Advocacy groups such as OpenMedia and the Canadian Association of Journalists have also raised concerns about the state of the federal system, particularly as long-standing problems have been worsened by the COVID-19 pandemic.

“There’s so many problems across other departments, so this is really kind of the tip of the iceberg,” said CAJ president Brent Jolly.

“The public deserves better. And without modernization, I fear for the future of information and the free flow of information and the Canadian public’s right to know, frankly.”

Lee Berthiaume, The Canadian Press

LiberalsprivacyRCMP

Get local stories you won't find anywhere else right to your inbox.
Sign up here

Just Posted

The development permit application is for the back of a property at 2522 Dunsmuir Ave. Photo by Mike Chouinard
Privacy, heritage reasons for secondary house denial in Cumberland

Majority of council wants to see something more in line with Camp Road’s character

Local governments such as Cumberland’s are calling for Ottawa to treat opioids as a public health crisis. (Black Press file photo)
Cumberland councillor motivated by family member’s drug death

Council supports resolution for Ottawa to treat narcotics as public health emergency

Comox Valley Nature hosts an online lecture Sunday, April 18, to address the human and scientific perspective on climate change. Photo supplied
Upcoming Comox Valley Nature webinar addresses climate change

Comox Valley Nature hosts an online lecture Sunday, April 18, when Dr.… Continue reading

30 years after becoming part of the YANA family, Angela Furlotte is all grown up and enjoys her three dogs while working and living in the Comox Valley.
YANA founder helps family in need: a historical account

Andrea Postal Special to The Record The first few months of Angela… Continue reading

Photo collage of loved ones lost to substance use and overdose. (Photo courtesy Moms Stop The Harm)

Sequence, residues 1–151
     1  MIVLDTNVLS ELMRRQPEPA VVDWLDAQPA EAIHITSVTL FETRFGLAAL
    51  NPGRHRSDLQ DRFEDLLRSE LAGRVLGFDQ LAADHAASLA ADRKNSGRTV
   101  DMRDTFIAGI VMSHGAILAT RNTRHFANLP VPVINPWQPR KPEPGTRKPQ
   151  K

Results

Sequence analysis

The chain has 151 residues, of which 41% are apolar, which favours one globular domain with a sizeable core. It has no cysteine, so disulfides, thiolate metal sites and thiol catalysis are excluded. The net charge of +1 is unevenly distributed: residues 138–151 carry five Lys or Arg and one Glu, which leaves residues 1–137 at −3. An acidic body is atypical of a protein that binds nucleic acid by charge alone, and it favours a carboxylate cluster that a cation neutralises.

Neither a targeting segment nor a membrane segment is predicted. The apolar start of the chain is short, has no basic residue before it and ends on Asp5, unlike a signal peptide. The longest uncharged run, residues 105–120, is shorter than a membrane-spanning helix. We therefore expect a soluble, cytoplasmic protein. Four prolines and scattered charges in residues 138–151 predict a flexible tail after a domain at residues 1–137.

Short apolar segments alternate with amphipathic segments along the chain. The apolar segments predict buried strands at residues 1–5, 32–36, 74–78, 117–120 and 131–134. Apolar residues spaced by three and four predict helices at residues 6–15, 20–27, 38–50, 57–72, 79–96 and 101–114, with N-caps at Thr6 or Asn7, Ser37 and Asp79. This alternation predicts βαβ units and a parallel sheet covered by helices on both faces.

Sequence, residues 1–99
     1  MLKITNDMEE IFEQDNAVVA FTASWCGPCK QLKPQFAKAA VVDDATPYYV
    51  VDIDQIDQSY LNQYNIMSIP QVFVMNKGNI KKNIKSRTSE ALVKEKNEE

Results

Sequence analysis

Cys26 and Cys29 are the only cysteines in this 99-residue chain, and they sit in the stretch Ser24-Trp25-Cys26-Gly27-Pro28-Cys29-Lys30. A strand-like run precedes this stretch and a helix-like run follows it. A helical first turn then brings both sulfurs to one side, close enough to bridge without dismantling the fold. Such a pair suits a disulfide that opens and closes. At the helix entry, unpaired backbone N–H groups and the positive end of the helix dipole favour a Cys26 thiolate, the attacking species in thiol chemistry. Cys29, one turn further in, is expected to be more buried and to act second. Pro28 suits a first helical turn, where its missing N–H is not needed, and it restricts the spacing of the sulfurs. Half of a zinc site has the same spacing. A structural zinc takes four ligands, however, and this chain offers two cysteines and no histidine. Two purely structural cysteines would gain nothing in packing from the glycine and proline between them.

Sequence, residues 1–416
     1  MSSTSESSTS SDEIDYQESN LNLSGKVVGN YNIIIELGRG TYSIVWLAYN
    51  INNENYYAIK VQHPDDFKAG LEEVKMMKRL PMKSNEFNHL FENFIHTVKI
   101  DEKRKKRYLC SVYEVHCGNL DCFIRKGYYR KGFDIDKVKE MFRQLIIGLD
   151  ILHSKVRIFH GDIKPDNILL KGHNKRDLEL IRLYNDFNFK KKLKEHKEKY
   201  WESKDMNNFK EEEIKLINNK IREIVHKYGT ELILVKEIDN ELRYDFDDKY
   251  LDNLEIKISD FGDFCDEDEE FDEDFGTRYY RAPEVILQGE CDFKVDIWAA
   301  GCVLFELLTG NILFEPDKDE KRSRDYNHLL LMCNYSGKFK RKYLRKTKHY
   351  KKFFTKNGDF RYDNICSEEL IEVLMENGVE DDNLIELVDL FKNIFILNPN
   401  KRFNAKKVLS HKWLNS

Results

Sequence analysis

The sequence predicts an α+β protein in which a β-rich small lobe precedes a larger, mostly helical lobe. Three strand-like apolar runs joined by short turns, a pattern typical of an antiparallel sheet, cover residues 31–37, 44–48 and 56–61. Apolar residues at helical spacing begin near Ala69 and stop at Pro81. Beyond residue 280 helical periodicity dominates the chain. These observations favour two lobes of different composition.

B.C. overdose deaths still rising 5 years after public health emergency declared

Moms Stop the Harm calls on B.C. to provide safe supply in response to deadly illicit drug use

Cannabis bought in British Columbia (Ashley Wadhwani/Black Press Media)
Is it time to start thinking about greener ways to package cannabis?

Packaging suppliers are still figuring eco-friendly and affordable packaging options that fit the mandates of Cannabis Regulations

The following is a list of restaurants offering take-out and patio dining. ADOBE STOCK IMAGE
List of Comox Valley restaurants offering take-out, patio dining options

Restaurants in the Comox Valley continue to adapt to government-imposed restrictions in… Continue reading

Demonstrators at the legislature on April 14 called on the province to decriminalize drug possession and provide widespread access to regulated safe supply across B.C. (Jake Romphf/News Staff)
Rally calls for decriminalization, safe supply on 5th anniversary of overdose emergency declaration

From 2016 to the end of February, 7,072 British Columbians died due to overdose

An AAP will be used to determine if rural residents in the CVRD want a roadside garbage/recycling collection service. File photo
Roadside waste collection proposed in rural areas of Comox Valley

Pending results of the upcoming Alternate Approval Process (AAP), a rural roadside… Continue reading

(Government of Canada)
Liberal MP caught stark naked during House of Commons video conference

William Amos, in Quebec, appeared on the screens of his fellow members of Parliament completely naked

Provincial health officer Dr. Bonnie Henry updates B.C.’s COVID-19 situation at the B.C. legislature, Feb. 1, 2020. (B.C. government)
B.C.’s COVID-19 case count jumps to 1,168 Wednesday, nearly 400 in hospital

Now 120 coronavirus patients in intensive care, six more deaths

Moss covered branches are seen in the Avatar Old Growth Forest near Port Renfrew on Vancouver Island, B.C. Thursday, Sept. 29, 2011. THE CANADIAN PRESS/Jonathan Hayward
B.C. blockades aimed at protecting old-growth forests reveal First Nation split

Two Pacheedaht chiefs say they’re ‘concerned about the increasing polarization over forestry activities’ in the territory

Richmond RCMP Chief Superintendent Will Ng said, in March, the force received a stand-out number of seven reports of incidents that appeared to have “racial undertones.” (Phil McLachlan/Capital News)
‘Racially motivated’ incidents on the rise in B.C’s 4th largest city: police

Three incidents in Richmond are currently being invested as hate crimes, says RCMP Chief Superintendent Will Ng

Most Read